I bought a fatsia 18 months ago and it was about 18" high. I planted it according to instructions and it's still about the same height. It's in the ground and over time has shed and grown new leaves. Reading your comments I'm wondering if I should dig it up and try growing it in a pot. Was this fatsia a reasonable size to buy? I'm wondering whether I should dig it up and put it in a pot.
That's about the size mine was Billie - bought in late spring last year. It's about 2/3 feet height and width and it's been in a pot for the last six months as it was getting a bit wind battered where it was. I'd expect yours to be that sort of size too - they're pretty quick growing. Was it a bit pot bound when you planted it? Sometimes plants get a bit stuck if they've been in the same pot for a while and the roots need teasing out a bit. What sort of conditions is it in and what aspect?
Hi Fairygirl. I have just dug up the fatsia and am surprised how large and healthy looking the root system is and there were also a couple of large worms in the soil. The root system bears no relation to the lack of large leaves. It was planted in a sheltered north facing position and open to the sky. I'm now going to find a very large pot to put it in and I do have some John Innes No. 3 so think I will mix that with some of my own compost and start again. Certainly no berries on mine.
Mine doesn't have any flowers/berries either Billie but it's still a bit young so I wouldn't expect it to have any yet. Perhaps keep it in the pot for now and let it get to a good size and then plant it out when it's more substantial. I give foliage plants bone meal in spring when they're in the ground and seaweed when they're in pots so perhaps try that in spring to give it a boost and see if that helps. If there's lots of other planting round it there's competition for nutrients too, and they grow best in quite fertile condition. Bit of tlc and I'm sure it'll be fine.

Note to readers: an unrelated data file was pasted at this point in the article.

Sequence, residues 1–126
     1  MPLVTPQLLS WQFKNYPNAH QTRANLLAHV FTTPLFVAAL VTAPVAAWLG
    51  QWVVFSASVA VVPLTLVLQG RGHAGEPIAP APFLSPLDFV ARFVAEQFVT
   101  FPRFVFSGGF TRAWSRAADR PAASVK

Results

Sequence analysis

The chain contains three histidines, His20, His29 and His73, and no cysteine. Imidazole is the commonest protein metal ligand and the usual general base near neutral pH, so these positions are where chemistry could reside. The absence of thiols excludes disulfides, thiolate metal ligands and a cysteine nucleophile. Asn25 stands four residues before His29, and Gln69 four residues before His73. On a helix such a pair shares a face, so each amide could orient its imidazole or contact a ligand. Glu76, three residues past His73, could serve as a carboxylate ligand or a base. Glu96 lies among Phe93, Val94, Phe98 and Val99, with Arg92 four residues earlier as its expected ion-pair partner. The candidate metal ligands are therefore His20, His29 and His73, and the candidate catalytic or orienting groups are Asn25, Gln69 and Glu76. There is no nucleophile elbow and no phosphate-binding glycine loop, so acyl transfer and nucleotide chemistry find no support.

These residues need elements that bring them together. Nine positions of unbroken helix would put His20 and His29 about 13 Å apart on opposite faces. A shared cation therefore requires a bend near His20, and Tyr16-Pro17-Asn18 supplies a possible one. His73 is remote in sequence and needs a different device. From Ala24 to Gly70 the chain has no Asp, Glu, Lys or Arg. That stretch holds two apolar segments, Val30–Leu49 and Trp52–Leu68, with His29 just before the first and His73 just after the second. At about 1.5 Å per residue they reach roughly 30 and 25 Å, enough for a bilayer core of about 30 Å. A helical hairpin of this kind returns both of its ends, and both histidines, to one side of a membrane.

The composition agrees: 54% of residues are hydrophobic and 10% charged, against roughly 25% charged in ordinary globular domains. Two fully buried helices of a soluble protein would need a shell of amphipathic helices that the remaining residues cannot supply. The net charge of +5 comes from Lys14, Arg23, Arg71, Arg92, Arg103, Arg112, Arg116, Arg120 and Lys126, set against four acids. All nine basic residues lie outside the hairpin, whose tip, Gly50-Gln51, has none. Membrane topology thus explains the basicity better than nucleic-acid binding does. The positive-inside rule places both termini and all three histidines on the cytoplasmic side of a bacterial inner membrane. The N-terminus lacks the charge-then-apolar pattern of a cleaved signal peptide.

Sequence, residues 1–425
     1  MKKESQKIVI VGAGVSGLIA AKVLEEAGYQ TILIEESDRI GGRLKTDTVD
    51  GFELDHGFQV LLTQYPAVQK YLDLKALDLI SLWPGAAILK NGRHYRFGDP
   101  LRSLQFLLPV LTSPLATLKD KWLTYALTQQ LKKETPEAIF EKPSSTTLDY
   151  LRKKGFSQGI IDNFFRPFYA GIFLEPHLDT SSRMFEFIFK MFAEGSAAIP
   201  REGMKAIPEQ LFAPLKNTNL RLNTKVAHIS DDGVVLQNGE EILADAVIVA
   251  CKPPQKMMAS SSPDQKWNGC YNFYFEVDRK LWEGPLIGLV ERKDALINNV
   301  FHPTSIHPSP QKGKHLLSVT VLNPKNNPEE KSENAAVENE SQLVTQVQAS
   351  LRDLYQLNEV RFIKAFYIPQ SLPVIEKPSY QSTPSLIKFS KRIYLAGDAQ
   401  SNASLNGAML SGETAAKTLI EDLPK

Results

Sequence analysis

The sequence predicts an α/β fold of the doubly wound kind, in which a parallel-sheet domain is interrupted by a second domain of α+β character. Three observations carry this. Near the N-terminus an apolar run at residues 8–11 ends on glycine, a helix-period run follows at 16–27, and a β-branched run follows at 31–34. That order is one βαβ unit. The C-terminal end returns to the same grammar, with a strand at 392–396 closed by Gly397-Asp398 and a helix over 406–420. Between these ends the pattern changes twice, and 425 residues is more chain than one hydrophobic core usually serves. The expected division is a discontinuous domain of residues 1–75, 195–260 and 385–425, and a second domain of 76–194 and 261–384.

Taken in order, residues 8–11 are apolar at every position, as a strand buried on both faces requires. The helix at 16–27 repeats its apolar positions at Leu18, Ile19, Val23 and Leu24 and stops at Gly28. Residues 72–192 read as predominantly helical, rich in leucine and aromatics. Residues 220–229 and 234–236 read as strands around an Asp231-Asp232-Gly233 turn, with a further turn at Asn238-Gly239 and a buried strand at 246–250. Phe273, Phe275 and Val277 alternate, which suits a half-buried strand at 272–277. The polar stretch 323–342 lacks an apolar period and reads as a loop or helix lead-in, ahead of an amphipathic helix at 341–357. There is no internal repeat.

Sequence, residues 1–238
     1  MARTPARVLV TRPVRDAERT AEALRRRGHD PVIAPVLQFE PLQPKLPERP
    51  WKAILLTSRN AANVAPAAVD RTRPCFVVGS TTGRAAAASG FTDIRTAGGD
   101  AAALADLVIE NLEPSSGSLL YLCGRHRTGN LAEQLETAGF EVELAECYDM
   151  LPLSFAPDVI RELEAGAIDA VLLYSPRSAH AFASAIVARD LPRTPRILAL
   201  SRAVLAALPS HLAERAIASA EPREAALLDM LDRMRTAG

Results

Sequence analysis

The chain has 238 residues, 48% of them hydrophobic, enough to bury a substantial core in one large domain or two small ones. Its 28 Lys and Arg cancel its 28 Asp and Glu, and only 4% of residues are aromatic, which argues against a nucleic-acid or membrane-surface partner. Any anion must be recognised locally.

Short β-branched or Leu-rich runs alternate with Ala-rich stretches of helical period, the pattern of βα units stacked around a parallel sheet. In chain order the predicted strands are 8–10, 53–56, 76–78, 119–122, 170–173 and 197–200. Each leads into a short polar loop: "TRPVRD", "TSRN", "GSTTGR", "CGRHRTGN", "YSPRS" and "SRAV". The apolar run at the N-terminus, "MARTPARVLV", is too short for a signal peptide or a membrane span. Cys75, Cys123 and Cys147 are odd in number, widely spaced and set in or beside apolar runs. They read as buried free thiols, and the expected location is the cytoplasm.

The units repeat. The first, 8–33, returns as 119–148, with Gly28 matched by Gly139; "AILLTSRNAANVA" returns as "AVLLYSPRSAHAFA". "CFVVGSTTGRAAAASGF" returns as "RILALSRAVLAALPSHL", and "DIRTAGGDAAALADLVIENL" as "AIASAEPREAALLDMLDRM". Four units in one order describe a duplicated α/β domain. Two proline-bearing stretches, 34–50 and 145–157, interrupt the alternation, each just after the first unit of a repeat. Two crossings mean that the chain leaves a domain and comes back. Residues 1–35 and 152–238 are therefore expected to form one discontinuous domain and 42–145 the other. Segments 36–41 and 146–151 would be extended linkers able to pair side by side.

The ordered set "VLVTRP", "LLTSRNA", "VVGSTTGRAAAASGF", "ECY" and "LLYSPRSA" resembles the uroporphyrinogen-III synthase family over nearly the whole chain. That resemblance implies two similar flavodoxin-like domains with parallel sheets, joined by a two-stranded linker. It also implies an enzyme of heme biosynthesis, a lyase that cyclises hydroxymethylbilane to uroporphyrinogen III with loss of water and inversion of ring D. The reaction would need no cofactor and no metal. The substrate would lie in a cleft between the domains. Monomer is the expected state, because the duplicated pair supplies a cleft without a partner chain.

Fatsia japonica seeds need to be fresh to germinate. They need 20C for a few weeks and light, so surface sow. I find a large batch of seed results in only a few seed...mainly as I tend to forget my own advice and leave the seeds lying for weeks or longer. They grow quickly.
They are hardy outside in most of the UK as long as they have drainage and a sheltered spot. They do better on the ground than in pots and they get bigger faster. Vine weevil grubs can really go for Fatsia's thick roots in pots. Not fun when you see a dropping plant give it a tug and the whole plant comes out sans roots.
Flowers appear when they like and on any sized plant. I have seen them on quite small plants, perhaps a sign of stress as I would expect them not to flower until 3+ years old.
Monty Don's advice on Agapanthus is to restrict the roots otherwise you end up with great foliage but no flowers.It thrives in very poor soil against the house wall and is in the sun until early afternoon when the sun goes around to the side of the house.
Hope this helps.
Hello, I've been reading with interest your comments about the fatsia japonica. We planted one in our garden about five or six years ago and is now quite big, probably four feet high and five to six feet wide. It has some very hardy offshoots which would make nice new plants, but what do you do with them? Just cut them off? Because they don't have any roots. The plant really needs lessening and taking cuttings (albeit big ones) would do it the world of good. Thanks for anyone's help. Mary
Mary your post is almost a year old but in case your still curious, we have a lovely Fatsia Japonica which must be 20years old. It is about 12 feet tall!! It seems to prefer bright shade as the leaves exposed to the sun die sooner than protected leaves. I would try taking a small offshoot with roots and plant it in very fertile soil and keep it watered.